Also take out a support ticket with oDesk complaining about both feedback blackmail and breach of contract. It probably won't get you anywhere, but you never know.

I don't know about this

If he refunds to get the bad feedback off his profile, it also takes his rather excellent, appropriate feedback off of the "clients" profile. This is obviously someone who is scamming contractors. Refunding lets the bottom dweller totally get away with it.

I agree with Robin, but it's not US with the foul feedback :(

Robin C. wrote:
If he refunds to get the bad feedback off his profile, it also takes his rather excellent, appropriate feedback off of the "clients" profile. This is obviously someone who is scamming contractors. Refunding lets the bottom dweller totally get away with it.

I totally agree and I would like to see that feedback STAY on that bottomfeeder client's profile.... Heaven knows how many of his "writers" have refunded their measerly few Dollars just to get rid of the feedback he left them? But at the end of the day the OP is the one who has to live with that nasty feedback - so it's easy for us to say "Leave it!"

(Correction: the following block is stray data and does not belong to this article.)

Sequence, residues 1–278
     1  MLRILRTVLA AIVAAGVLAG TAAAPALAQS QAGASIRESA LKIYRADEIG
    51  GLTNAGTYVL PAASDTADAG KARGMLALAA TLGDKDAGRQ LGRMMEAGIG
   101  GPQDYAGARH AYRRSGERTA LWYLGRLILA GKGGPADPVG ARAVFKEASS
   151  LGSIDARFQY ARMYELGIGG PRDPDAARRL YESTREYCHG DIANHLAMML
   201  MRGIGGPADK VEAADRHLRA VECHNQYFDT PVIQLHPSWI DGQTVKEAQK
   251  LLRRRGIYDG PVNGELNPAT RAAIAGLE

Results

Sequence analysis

There is no way in this WORLD, at ANY price, that I would work for that client.

I check the feedback a client has GIVEN much more carefully than I check the feedback they received. As far as I am concerned a client can be a pain in the proverbial provided he pays promptly and leaves fair feedback. Being driven to distraction by a difficult client is a temporary inconvenience - bad feedback is a permanent irritant....

I have turned down numerous projects simply because I did not like the client's profile with regards to feedback given.

If someone has NEVER left a full 5 stars for ANY contractor chances are my feedback rating would have taken a hit too. I choose my clients carefully these days (wasn't always that cautious but learned the hard way)

I'm with you, Petra

Man, the feedback that a client leaves for other contractors had better appear genuine or I don't even bother considering any other factors.

I know that it is not my profile, and I can feel for the OP. However, the way the feedback is weighted, $9 at that feedback score should not be hard to overcome. It won't effect much for long, assuming OP has learned, and chooses better next time. Any clients can see the feedback he left for the client, which clearly states the issues. They can also see that client has done the same before and thus the feedback does not truly reflect this contractors abilities.